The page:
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  • The Notorious Dr. Flippin: Abortion and Consequence in the Early Twentieth Century by Jamie Q. Tallman
  • Tanfer Emin Tunc
The Notorious Dr. Flippin: Abortion and Consequence in the Early Twentieth Century. By Jamie Q. Tallman. Lubbock: Texas Tech University Press, 2011. Pp. 228. $34.95 (cloth).

The Flexner Report of 1910 represented the culmination of the movement to professionalize medicine that had begun with the establishment of the American Medical Association (AMA) in 1847. This movement, which was dominated by white male physicians from major US cities, involved the “purification” of the field through the elimination of “irregular” practitioners who were in direct competition with mainstream providers. Many [End Page 142] African American doctors were swept along with this reform movement to expunge sectarian healers from health-care provision. In fact, “claiming that black MDs were inherently ‘dangerous,’ [Flexner] recommended that they operate under the supervision of whites and that their practice should be limited to the care of other blacks” (xv).

The criminalization of abortion became an additional rallying point for the growing medical profession during this time. The AMA argued that pregnancy termination should come under the scrutiny of allopathic physicians not only to “protect” women from untrained “quacks” but also to force “unsavory characters” out of business, thereby bringing the procedure under the regulation of the medical profession. After the Civil War, abortion was gradually criminalized in the United States, and the only way a woman could legally terminate a pregnancy was to qualify for a hospital-administered therapeutic abortion—a demeaning process that involved convincing medical experts that continuing the pregnancy to full term would endanger the mental and/or physical health of the parturient.

Consequently, extralegal abortion services flourished, and while historians know a great deal about white physicians operating in large cities such as New York, Philadelphia, Boston, Chicago, and Washington, DC, very little is known about abortion providers of color and virtually nothing about those who practiced in rural areas, which is what renders this study of Dr. Flippin, who practiced in rural Kansas and Nebraska, so compelling.

Tallman enriches the literature on these extralegal abortion providers by illuminating the world of one of these physicians, Dr. Charles A. Flippin, who practiced an illegal trade in a white world, and on white women, and did so at a time before integration and the civil rights movement. Though born into slavery in Kentucky in 1844, Flippin used his “intelligence, skill, personal charisma, and political savvy … [to bring] him to such an unusual and lofty place” (xiii). Flippin became an admired leader in his rural Kansas and Nebraska communities who provided women from all racial, social, class, and marital backgrounds with a much-needed service over a thirty-year period. His rapport with local immigrants, newspaper editors, and black Republicans allowed him to elude criticism concerning his marriages to much younger white women (Flippin himself was biracial). Moreover, his important social status also legitimated his conspicuous consumption and political aspirations—both of which could have led to his lynching in other parts of the country.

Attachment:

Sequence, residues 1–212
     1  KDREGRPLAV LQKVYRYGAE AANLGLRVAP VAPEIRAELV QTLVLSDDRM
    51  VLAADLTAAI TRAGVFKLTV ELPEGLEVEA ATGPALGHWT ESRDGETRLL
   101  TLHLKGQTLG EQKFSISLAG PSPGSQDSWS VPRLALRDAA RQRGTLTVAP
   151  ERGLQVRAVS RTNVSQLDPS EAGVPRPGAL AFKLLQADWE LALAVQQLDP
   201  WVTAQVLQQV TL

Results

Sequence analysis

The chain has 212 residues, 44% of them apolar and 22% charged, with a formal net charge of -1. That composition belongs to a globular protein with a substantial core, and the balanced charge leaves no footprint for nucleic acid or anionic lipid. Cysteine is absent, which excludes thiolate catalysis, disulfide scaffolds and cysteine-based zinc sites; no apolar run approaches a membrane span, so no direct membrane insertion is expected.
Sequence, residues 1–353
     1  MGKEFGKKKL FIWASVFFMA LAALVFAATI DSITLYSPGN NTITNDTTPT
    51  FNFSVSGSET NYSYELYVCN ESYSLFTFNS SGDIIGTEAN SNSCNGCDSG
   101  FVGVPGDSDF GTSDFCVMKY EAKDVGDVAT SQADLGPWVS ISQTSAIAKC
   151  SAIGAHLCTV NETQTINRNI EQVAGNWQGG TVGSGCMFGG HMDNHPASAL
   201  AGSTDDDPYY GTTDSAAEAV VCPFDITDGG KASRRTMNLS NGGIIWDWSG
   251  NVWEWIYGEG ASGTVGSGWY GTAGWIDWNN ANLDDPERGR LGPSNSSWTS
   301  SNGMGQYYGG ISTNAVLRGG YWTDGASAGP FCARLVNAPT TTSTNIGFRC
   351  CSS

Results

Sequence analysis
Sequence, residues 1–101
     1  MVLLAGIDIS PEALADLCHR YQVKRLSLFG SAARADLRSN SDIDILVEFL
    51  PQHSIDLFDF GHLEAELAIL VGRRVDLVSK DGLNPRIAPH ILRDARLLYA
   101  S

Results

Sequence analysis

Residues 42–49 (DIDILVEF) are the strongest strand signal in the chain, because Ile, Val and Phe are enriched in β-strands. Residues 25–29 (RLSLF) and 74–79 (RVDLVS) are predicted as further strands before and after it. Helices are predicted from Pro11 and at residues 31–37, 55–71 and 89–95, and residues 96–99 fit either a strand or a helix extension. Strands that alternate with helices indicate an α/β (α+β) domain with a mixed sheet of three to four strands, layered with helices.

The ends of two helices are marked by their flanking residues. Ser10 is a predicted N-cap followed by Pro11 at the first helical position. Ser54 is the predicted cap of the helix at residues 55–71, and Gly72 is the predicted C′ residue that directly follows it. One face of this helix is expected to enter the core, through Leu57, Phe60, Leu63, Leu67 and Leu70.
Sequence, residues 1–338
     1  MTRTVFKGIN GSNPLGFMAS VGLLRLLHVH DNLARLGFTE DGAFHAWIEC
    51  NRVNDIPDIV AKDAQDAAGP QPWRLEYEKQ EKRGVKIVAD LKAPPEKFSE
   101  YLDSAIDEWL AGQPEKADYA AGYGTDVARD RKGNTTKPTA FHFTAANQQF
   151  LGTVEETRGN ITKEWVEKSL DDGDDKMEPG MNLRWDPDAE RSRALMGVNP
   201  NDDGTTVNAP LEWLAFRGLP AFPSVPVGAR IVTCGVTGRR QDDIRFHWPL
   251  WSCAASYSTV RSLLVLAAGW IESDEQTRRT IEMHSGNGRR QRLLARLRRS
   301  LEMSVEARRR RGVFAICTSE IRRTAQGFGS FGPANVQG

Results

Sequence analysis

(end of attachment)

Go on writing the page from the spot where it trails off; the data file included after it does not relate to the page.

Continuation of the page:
As Tallman elucidates, Flippin’s world began to crumble with the Flexner Report, which renewed the drive to eliminate all “irregular” practitioners, including people of color, like Flippin, operating outside of mainstream medicine. As an extralegal abortion provider and member of the Eclectic medical sect, he posed a challenge to allopathic physicians. Thus, he was targeted by “regular” mainstream physicians who envied his success and by the American legal system, which, driven by the Comstockery of the time, sought to enforce its regulations, especially those concerning reproduction. [End Page 143]

Throughout the work, Tallman maintains that “the story of Dr. Flippin runs parallel to the treatment of African American doctors on the larger national stage,” especially in terms of the ways in which “racism, sexism, [and] vitriolic politics … all conspired” to discredit the abortion provider (xiii). Flippin’s tale is particularly salient for the ways in which it “conveys important insights about the progress of African American doctors and about the evolution of American medicine itself” (xiii). As Tallman asserts, Flippin’s downfall was hastened by numerous social factors, including concerns over black male sexual desire for white...


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